European Court of Human Rights – leave it or change it?

Wayne David

If you were to believe the lurid stories in the press, you would think that the European Court of Human Rights (ECtHR)  in Strasbourg was a conspiracy against the United Kingdom; a European Court whose raison d’être was nothing less than to continually interfere and even subvert Britain’s independence.  So, Sadiq Khan, Labour’s Shadow Justice Secretary, and I went to Strasbourg to find out for ourselves what the ECtHR was all about and whether its notoriety was well-founded.

What did we find?  When we went to the Court one of the first things that struck us was the extent of British influence.  For a start, the Court is situated adjacent to a street named after Ernest Bevin, a Labour Foreign Secretary.  Bevin, along with Winston Churchill and Maxwell Fyfe, was one of the guiding lights of the European Convention and the ECtHR soon after the Second World War.  The futuristic design of the Court is the work of British architect Richard Rogers and the Court has more than its fair share of Brits working there.  But, most importantly, Britain is seen in the ECtHR as a country with an exemplary record of upholding human rights.

Even though there have been judgements which have, understandably, angered British people, they are the exception not the rule.  Indeed, the vast majority of cases which are brought against the UK are either dismissed as invalid or the Court actually finds in favour of the UK.  Only 4 countries win more cases than the UK – the Netherlands, Sweden, Denmark and Andorra.

Because of Britain’s record on human rights, as well as our long and proud record of promoting human rights throughout the world, there is at best puzzlement and at worst incredulity in Strasbourg at the British Government’s hostility to the ECtHR and all it stands for.  For many in Strasbourg, if Britain were to withdraw from the European Convention and the Court, as an increasing number in the Conservative Party now advocate, the implications for upholding human rights throughout the world would be disastrous.  It would send a clear message to countries like Russia; that human rights are of little real importance and that it is justifiable to ignore international law if it happens to be inconvenient.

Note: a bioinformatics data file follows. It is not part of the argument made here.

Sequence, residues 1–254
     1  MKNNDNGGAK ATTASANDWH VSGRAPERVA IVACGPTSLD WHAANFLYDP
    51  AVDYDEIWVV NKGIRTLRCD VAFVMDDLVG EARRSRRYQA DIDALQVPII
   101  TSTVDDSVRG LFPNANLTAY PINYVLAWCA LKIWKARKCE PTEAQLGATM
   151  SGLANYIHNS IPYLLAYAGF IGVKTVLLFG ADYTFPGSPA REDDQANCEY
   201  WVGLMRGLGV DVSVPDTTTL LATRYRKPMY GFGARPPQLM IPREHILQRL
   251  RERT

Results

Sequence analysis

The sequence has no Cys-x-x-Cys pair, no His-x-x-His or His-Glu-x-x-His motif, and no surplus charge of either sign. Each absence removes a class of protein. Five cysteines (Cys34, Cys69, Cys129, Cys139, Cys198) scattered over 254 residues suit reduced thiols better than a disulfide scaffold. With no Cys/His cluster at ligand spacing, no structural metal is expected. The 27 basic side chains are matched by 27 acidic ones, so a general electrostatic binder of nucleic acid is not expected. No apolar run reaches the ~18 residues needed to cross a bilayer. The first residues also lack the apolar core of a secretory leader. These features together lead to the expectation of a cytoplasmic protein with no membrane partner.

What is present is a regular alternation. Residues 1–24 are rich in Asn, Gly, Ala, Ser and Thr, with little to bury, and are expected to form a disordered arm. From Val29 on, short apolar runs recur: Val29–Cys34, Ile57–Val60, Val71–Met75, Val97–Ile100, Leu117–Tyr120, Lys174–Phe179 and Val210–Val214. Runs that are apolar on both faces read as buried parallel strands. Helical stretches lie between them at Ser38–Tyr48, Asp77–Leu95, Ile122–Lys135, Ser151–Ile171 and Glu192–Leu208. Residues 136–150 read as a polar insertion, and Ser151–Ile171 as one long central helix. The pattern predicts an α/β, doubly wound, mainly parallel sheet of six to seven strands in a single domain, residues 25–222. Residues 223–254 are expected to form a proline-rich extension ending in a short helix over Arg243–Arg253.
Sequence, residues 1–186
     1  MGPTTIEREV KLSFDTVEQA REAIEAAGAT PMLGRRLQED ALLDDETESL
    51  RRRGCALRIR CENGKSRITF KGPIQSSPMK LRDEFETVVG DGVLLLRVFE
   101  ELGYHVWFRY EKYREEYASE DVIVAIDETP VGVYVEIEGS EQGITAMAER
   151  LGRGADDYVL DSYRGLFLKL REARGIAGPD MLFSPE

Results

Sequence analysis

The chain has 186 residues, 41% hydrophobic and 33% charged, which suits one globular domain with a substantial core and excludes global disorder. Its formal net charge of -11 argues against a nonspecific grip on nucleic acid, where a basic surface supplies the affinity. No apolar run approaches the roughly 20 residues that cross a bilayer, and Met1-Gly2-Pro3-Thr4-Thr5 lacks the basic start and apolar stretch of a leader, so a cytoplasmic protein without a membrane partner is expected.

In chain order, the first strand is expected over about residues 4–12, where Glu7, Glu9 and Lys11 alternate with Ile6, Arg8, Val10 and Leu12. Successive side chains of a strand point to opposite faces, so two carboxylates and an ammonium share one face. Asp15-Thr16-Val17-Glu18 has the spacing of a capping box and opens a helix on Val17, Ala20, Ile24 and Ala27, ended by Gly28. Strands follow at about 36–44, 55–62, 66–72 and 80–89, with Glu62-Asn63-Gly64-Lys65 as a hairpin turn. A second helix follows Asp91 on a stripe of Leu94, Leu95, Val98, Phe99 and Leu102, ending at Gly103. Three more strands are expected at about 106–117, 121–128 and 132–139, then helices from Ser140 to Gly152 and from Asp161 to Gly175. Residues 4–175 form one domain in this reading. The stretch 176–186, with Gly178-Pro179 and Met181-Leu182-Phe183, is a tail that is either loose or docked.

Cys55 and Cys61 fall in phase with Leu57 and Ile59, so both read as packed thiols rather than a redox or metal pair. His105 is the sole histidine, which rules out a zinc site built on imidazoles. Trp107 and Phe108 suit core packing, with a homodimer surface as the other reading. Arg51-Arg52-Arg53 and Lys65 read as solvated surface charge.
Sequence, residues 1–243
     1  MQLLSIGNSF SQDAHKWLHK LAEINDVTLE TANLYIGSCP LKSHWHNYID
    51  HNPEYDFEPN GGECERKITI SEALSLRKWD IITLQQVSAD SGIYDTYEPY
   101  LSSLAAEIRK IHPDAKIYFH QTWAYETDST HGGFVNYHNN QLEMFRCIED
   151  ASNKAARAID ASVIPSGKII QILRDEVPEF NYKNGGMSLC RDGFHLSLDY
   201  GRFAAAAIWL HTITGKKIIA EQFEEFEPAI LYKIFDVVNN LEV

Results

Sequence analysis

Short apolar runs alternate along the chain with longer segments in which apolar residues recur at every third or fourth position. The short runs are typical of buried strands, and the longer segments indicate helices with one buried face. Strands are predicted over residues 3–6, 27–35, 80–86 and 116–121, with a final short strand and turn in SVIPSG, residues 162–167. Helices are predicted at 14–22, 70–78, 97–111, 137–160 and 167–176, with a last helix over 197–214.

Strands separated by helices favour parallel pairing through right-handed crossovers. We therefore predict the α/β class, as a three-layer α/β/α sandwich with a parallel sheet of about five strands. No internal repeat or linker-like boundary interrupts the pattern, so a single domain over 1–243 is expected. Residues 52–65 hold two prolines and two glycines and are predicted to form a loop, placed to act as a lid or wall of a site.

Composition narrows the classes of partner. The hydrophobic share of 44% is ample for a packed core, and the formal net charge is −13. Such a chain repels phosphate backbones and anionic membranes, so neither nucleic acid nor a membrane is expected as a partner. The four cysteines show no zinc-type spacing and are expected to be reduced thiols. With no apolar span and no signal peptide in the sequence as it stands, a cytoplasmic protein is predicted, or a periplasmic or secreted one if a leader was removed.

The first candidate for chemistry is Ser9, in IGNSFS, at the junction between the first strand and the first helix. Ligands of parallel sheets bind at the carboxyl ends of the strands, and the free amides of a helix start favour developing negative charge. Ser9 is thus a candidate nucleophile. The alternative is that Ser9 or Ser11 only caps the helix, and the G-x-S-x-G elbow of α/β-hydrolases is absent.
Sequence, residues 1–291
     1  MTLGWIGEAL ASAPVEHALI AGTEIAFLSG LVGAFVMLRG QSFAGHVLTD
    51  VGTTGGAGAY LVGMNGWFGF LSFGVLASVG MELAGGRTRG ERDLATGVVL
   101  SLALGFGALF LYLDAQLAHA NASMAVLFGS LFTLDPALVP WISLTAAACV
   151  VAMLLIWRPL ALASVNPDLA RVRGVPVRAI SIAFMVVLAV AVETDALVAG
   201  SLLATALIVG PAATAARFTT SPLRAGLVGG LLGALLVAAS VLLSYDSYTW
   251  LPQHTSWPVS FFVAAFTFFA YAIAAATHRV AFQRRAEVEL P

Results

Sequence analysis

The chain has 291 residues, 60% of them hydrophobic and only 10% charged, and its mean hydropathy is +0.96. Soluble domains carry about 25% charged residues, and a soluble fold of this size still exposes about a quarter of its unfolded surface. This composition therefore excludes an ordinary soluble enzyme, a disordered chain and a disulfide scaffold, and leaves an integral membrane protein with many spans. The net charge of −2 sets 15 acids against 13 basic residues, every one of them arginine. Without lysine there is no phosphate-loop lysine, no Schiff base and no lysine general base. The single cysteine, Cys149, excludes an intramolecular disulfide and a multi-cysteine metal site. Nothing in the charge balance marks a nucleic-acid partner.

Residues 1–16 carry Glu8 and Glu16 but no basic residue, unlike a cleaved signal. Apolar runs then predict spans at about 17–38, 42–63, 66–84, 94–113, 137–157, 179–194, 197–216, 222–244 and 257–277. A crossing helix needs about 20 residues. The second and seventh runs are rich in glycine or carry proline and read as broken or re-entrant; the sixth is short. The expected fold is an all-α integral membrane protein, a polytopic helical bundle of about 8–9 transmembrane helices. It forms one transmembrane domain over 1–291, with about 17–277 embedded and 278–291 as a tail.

To reject the Tories’ insular and indifferent attitude to human rights is not to suggest that the ECtHR does not need to change and improve.  The huge backlog of cases and, as a consequence, the length of time it can take for cases to be heard, is a frequent criticism, though recent measures introduced by the Court may help to address this.

In my view, a more serious criticism is that the Strasbourg judges are of varying quality and expertise.  Although it is inevitable that judges from different countries will have different skills and ranges of expertise, it is unfortunately the case that there are examples of judges being put forward by certain countries for reasons other than their legal expertise, knowledge and experience.  The Parliamentary representatives in the Council of Europe do a good job in interviewing the candidates and assessing their suitability but a far more vigorous process needs to be put in place.

There is also a case for the Court’s judges to do more to take into account the differing circumstances of member states’ legal traditions when reaching their judgements.  While there is a general awareness of the various legal systems of the 47 countries who are party to the European Convention, such an appreciation should be ingrained and made more central to the Court’s work.

For all that, many of the things which incense British people are more to do with administrative failings at the Home Office than the ECtHR.  I think for example of the case of Amy Houston.  Amy was a 12-year old who was knocked down by a car and killed in 2003.  The driver of the car was driving without a license and without insurance and continued to do so after Amy’s death.  He was an Iraqi Kurd whose application for asylum had been refused.  But because the Home Office made a mistake and didn’t try to deport him immediately, he was able to stay in this country.  Despite the facts of this case, it has been quoted on a number of occasions to fuel an anti-human rights and an anti-ECtHR agenda.

Equally, it is important to remember that the vast majority of human rights cases are decided by our courts and not by Strasbourg and it follows that if there are improvements to be made we ought to look closer to home and not simply look to Strasbourg.

Of course, many Tories are not interested in reform, either in the UK or Strasbourg.  The ascendant Tory right are interested in one thing only – Britain leaving the European Convention on Human Rights.  This is in part because they are opposed to all things European, whether it’s the European Union or the Council of Europe.  Opposition to the Convention also fits in well with their developing agenda of curtailing individual freedoms and the checks and balances which are cornerstones of our democracy.  Undermining human rights is part of the same mind set which is depriving thousands of less well-off people of legal aid, is restricting judicial review and which means that some Tories are now in favour of breaking international law when it suits them.

Labour believes the need to defend the basic human rights of all human beings is too important to simply give up on international law.  Instead of looking for scapegoats to hide their own failures, the Government should be putting in the hard graft to work with other countries in reforming the ECtHR. Sadly that looks unlikely to happen, which leaves Labour as the only party capable to achieving the changes needed.

Wayne David is Labour MP for Caerphilly and Shadow Minister for Political and Constitutional Reform

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